Sometimes I like to pretend I’m an Antarctic explorer, braving a harsh, new continent. I imagine that I’m Roald Amundsen forging a path has never been tread on by another human being. In reality, I live a remarkably comfortable life. All my meals are made for me. I work in a heated room. Someone drives me to and from work everyday. There are two bars in town with cheap alcohol. The internet is terrible, but it allows me to talk to all my friends and family. I enjoy all the benefits of a modern life in Antarctica.
So when given the chance, I occasionally forgo the novel in favor of the rustic. Our field camp where we work has heated toilets, but why use those when you can use the long drop? The long drop is exactly what it sounds like, a giant hole cut into the ice. You then put a box around it for privacy, add some packing foam for a seat, and there you have it, a toilet!
I doubt there’s a restroom in the world that has a more beautiful view. The Royal Society Range greets you when you exit. Behind you is the southern most active volcano in the world, Mt. Eribus. After snowfall, the pristine snow stretches farther than you can see, unblemished by any footsteps.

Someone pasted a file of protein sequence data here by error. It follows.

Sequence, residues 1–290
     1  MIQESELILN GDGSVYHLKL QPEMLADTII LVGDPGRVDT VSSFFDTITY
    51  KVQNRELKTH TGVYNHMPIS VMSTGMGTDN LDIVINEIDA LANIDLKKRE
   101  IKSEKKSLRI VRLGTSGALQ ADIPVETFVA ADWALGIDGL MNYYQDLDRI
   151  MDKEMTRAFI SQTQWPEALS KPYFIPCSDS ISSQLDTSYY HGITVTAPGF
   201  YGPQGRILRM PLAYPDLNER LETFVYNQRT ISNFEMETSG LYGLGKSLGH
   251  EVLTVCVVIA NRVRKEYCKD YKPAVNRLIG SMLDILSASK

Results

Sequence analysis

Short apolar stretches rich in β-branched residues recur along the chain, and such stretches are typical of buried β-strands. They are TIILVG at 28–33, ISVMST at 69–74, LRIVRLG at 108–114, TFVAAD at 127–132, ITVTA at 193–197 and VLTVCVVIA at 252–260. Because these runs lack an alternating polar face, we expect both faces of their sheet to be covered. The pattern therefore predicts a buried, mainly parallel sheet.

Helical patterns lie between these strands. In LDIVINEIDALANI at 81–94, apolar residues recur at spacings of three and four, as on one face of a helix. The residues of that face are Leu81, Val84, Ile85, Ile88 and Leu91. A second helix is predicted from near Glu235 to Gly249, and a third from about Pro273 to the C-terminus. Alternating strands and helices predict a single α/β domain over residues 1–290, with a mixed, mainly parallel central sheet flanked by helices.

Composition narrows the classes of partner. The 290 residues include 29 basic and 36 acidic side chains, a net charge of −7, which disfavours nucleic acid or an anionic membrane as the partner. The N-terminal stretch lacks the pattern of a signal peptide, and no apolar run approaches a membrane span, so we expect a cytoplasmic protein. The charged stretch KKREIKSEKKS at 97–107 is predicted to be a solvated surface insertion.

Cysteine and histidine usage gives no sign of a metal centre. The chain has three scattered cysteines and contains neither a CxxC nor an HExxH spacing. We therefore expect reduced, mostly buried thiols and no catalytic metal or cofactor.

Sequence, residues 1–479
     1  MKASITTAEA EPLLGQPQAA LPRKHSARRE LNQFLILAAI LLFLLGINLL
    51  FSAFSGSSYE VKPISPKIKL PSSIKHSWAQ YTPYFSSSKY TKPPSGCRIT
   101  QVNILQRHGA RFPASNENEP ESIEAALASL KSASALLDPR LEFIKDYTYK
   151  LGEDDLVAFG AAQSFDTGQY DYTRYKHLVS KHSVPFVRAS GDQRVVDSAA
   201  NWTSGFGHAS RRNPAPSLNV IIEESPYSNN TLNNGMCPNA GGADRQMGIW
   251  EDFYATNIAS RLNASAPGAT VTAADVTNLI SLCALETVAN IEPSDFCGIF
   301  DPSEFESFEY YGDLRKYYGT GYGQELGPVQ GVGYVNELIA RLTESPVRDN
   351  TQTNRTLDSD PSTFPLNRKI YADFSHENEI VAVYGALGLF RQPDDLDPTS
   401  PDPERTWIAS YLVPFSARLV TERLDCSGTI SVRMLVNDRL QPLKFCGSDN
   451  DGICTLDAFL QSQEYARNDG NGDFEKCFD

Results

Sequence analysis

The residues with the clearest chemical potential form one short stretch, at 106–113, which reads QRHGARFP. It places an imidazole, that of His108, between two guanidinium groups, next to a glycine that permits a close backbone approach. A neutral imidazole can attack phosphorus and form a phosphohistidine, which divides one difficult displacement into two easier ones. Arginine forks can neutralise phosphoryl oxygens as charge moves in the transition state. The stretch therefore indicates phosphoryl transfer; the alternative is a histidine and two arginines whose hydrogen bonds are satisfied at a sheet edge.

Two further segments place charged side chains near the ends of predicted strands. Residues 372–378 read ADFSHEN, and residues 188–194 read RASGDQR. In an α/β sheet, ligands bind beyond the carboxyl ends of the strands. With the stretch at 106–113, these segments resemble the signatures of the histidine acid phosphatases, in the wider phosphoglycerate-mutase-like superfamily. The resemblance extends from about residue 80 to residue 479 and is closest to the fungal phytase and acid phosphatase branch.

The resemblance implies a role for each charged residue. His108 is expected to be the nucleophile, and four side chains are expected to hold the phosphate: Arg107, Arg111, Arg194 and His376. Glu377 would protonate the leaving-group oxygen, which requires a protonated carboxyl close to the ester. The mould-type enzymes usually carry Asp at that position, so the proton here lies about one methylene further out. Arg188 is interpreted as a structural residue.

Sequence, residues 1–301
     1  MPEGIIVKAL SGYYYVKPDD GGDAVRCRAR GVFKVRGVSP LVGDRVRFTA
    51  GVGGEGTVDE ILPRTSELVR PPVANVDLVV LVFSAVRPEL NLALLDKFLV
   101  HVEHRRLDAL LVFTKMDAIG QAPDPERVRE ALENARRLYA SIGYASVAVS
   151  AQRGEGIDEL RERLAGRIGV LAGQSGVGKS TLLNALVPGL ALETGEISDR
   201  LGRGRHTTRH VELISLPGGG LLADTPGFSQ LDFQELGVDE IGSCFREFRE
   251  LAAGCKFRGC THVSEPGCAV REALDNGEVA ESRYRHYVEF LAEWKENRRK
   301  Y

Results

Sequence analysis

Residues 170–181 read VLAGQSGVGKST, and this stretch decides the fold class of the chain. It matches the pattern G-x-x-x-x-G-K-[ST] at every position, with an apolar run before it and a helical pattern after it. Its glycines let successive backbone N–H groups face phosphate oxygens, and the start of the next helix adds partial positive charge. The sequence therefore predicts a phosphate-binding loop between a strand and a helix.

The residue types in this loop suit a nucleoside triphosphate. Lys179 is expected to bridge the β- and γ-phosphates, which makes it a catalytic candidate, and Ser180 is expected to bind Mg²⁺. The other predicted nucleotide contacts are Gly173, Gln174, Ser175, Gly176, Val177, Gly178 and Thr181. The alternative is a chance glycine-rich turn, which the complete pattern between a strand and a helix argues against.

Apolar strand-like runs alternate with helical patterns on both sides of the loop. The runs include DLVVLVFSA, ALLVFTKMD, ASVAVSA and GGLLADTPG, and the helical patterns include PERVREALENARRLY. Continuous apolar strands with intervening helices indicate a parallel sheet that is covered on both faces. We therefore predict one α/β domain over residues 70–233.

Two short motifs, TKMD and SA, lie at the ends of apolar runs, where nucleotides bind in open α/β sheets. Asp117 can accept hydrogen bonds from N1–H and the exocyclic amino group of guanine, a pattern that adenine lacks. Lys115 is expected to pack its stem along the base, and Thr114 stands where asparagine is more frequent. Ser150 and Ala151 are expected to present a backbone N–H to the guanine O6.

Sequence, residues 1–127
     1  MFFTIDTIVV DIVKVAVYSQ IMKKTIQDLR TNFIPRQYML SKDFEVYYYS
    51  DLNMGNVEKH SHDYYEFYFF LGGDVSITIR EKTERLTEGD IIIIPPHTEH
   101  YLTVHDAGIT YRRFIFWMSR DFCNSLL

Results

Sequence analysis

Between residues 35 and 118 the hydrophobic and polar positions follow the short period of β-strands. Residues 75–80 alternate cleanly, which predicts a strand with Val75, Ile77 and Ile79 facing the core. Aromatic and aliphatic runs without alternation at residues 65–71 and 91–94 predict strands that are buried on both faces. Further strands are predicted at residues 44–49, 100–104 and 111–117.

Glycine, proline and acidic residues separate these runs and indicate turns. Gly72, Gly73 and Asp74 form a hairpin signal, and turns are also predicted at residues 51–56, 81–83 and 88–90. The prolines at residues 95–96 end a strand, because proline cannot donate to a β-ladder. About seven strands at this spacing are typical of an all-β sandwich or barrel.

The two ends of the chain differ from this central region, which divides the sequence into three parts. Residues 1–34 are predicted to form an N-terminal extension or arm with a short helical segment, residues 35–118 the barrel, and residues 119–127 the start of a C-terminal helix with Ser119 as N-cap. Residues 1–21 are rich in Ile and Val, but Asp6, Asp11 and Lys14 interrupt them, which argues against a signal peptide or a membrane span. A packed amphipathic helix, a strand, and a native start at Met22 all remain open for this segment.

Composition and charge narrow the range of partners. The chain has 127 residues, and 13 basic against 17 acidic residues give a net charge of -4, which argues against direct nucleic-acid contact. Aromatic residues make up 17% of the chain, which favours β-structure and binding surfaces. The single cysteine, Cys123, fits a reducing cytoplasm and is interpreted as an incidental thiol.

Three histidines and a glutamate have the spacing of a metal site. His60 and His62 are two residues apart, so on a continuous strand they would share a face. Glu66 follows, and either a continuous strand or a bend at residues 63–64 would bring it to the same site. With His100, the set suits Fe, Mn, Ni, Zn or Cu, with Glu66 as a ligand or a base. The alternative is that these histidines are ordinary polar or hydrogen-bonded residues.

When you use the long drop, you put the flag out so others no not to enter. The cold keeps the air relatively odorless. Toilet paper and hand sanitizer are provided for your comfort and convenience. After a long season, the poopsicle gets pretty large, so the hole is covered with snow and if necessary a new hole is dug.
It’s probably for the best that I don’t live the life that Amundsen lived; I would likely die. But at least I get to pretend I live on a harsh continent whenever nature calls.